College Transition Initiative

Welcome to the blog of the Center for Parent/Youth Understanding’s (CPYU) College Transition Initiative (CTI). This site contains commentary on transitional issues, exploring research, trends and college student culture. For more information visit:

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The transition from high school to college is a difficult one, and yet, it is a transition that is often overlooked. This site is to help college bound students, parents, and youth workers stay up to date on the latest research and trends in regards to college transition. Your comments are greatly appreciated. Join the conversation!

Thursday, March 16, 2006

Where do students go once they graduate?

Kara Powell, executive director of the Center for Youth and Family Ministry (CYFM) at Fuller Theological Seminary, has written a short article releasing some of her findings from her research with CYFM’s College Transition Project.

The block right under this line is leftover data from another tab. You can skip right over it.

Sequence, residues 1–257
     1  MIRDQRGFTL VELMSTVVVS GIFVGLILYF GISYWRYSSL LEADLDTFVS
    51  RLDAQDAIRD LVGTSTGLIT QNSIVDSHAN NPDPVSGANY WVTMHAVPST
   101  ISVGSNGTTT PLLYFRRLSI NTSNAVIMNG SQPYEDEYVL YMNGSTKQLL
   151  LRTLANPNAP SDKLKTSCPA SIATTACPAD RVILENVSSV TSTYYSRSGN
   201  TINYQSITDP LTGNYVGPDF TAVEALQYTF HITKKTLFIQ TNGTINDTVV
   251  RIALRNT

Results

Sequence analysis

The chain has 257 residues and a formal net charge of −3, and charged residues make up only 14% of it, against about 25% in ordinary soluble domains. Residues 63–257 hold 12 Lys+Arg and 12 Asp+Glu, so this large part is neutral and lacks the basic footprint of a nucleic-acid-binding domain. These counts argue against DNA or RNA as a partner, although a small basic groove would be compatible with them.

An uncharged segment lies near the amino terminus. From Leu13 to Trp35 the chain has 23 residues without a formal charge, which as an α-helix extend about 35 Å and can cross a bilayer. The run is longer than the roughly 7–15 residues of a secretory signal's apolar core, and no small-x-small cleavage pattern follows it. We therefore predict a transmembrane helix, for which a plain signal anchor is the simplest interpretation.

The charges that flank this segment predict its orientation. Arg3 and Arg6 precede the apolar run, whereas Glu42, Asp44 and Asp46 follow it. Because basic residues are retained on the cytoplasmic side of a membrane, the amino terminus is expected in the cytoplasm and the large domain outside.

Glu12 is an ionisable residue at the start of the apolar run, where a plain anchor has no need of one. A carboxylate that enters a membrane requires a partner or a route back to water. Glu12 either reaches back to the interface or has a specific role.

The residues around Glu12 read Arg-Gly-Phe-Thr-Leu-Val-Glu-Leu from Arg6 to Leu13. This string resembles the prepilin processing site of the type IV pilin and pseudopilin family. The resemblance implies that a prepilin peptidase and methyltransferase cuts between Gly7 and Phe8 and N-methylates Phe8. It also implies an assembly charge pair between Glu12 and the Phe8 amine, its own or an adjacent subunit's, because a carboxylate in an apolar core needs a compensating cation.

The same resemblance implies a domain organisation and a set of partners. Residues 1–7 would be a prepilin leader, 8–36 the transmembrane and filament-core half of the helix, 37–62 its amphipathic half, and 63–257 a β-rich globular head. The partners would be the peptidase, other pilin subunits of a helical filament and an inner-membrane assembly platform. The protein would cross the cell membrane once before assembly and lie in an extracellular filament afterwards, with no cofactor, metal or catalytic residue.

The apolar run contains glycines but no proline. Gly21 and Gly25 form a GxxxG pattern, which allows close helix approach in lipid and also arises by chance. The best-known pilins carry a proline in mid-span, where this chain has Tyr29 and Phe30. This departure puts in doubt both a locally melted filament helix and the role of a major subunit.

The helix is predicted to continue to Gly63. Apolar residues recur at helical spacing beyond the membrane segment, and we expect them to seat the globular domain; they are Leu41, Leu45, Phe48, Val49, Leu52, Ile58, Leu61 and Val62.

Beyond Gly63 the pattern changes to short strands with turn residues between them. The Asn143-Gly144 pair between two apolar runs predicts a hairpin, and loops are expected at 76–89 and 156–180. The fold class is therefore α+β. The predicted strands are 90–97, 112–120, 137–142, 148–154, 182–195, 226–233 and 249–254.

The article is entitled “Where do they go once they graduate?” and summarizes some of the highlights from a recent conversation with youth workers. Dr. Powell explains that “the common description of maturity is inadequate. Focus group members have found that two common descriptions of seniors’ ‘maturity’ or ‘health’ do not, by themselves, create a healthy bridge into college. The first of these descriptors was a verbal ‘profession of faith.’ The second was ‘performing the faith,’ or showing moral behaviors (i.e., not drinking alcohol, avoiding drugs, sexual abstinence). While both a verbal profession of faith and moral behaviors might be helpful for a graduate, they were generally viewed as inadequate in fully preparing a student for life after college.”

There is also a list and explanation of the “qualities of a graduate who is likely to transition well into college life.” They include having a Christian worldview; being able to articulate the Christian story in one’s own language; being community minded; involvement in a small group; and having adult mentors.

The article includes discussion questions to be used by youth workers and parents to reflect their own practices for preparing students for college.


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